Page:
An election, an Olympiad, and Gangnam Style: 2012 was a momentous year, especially for the Art Institute. Blockbuster exhibitions, shiny new galleries, and big technology updates were the talk of the town.
One of the biggest happenings of the year was Roy Lichtenstein: A Retrospective, which brought together nearly 170 iconic works like Brushstroke with Spatter (1966) and attracted nearly 350,000 visitors.
The new Mary and Michael Jaharis Galleries of Greek, Roman, and Byzantine Art also took shape around McKinlock Court. Designed by wHY Architecture, the new sun-drenched galleries now hold over 550 works from 4,000 years of life in the Mediterranean region. The location of the galleries—right at a crossroads in the museum—is definitely fitting considering the huge influence of the Greek and Roman world on Western art.
The Art Institute continued to go high-tech in 2012. Members can now show their member card on an iPhone, over 133,000 people like us on Facebook, and LaunchPads—specialized iPads chock full of info and fresh new perspectives on works—are now in two spaces (the Jaharis Galleries and the European Decorative Arts galleries).
As usual, the curators presented shows worthy of a blizzard of superlatives. Here's just a small sample of the exhibitions that filled the galleries in 2012:
Rarely seen Renaissance and Baroque drawings showed the creative spark behind the work of prolific Italian painters.
A photography exhibition took a deeper look at the groundbreaking work of two highly influential surrealists.
1:1 scale copper replicas of pieces of the Statue of Liberty filled Pritzker Garden.
Moving, moving-image works by prominent artist Steve McQueen went on display in an innovative presentation in Regenstein Hall.
And exhibitions explored the cutting-edge designs of fashion houses Bless, Boudicca, Sandra Backlund; as well as the impressive accomplishments of Chicago architect Jeanne Gang.
Yes, it's been a big year for the museum, but 2013 promises to be even more grand. More news in the New Year, but for now, we're off to toast a great year and to ring in the next. Happy New Year!
View of the Mary and Michael Jaharis Galleries of Greek, Roman, and Byzantine Art.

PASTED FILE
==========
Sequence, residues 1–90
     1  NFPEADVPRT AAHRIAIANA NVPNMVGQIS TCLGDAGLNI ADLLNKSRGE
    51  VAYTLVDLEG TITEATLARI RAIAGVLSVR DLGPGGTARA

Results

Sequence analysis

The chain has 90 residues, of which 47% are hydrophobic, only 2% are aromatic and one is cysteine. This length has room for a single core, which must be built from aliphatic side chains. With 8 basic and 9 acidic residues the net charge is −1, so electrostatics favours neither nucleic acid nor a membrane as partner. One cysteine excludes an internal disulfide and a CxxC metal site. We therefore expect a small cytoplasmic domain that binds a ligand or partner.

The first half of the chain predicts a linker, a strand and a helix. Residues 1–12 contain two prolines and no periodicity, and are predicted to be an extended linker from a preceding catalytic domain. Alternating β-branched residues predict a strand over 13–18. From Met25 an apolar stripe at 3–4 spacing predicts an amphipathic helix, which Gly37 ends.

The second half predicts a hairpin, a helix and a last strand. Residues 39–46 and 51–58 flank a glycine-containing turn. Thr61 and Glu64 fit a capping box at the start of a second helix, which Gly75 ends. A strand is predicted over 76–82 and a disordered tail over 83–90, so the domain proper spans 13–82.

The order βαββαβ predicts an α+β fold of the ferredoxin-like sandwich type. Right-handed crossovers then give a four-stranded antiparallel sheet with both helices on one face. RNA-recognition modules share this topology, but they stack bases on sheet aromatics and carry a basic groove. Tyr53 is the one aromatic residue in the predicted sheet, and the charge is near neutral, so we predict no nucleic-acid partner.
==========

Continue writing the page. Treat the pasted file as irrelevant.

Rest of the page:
View of LaunchPad technology in the Mary and Michael Jaharis Galleries of Greek, Roman, and Byzantine Art.
Giovanni Benedetto Castiglione, called Il Grechetto. The Creation of Adam, late 1640s. The Art Institute of Chicago, gift of an anonymous donor; restricted gifts of Dr. William D. and Sara R. Shorey, and Mr. and Mrs. George B. Young.
Installation view of Entre Nous: The Art of Claude Cahun at the Art Institute of Chicago, 2012.
Danh Vo. Installation view of We The People (detail), 2010–2013.
Steve McQueen. Installation view of exhibition Steve McQueen at the Art Institute of Chicago, 2012.
Installation view of Fashioning the Object: Bless, Boudicca, Sandra Backlund at the Art Institute of Chicago, 2012.
Studio Gang Architects. Installation view of Building: Inside Studio Gang Architects, on view at the Art Institute of Chicago September 24, 2012–Sunday, February 24, 2013.
2 hours 44 min ago The Art Institute of Chicago #TBT The Boy Scouts check out Whistler’s Mother, on view at the Art Institute for the Chicago World’s Fair, 1933.
Whistler’s iconic painting has only been exhibited at the Art Institute on two occasions: once in 1933 and again in 1954 for the exhibition Sargent, Whistler, and Mary Cassatt. See this beloved American portrait—at the Art Institute again for the first time in over 60 years—starting March 4.
4 hours 14 min ago The Art Institute of Chicago TOMORROW—Join us for a special After Dark in the Modern Wing! Catch a performance from the legendary psychedelic pop group Os Mutantes and explore the exhibition Hélio Oiticica: To Organize Delirium—where visitors are invited to take off their shoes and walk through immersive sand-filled installations.
Use the code ADXL10 for $10 off any ticket price—http://bit.ly/2mhLXGh
7 hours 7 min ago The Art Institute of Chicago COMING SOON—Whistler’s Mother: An American Icon Returns to Chicago
Painted in 1871, the portrait better known today as “Whistler’s Mother” was intended to demonstrate the artist’s recent focus on tonal harmonies over subject matter. It came to be lauded as an icon beloved by Americans but rarely seen in the United States.
Explore Whistler’s use of family members as subjects, his abstract treatment of conventional genres such as portraiture and landscape, and the art of his professional ambition, in this focused installation of approximately 25 objects.
OPENING MARCH 4—http://bit.ly/2l3ZCze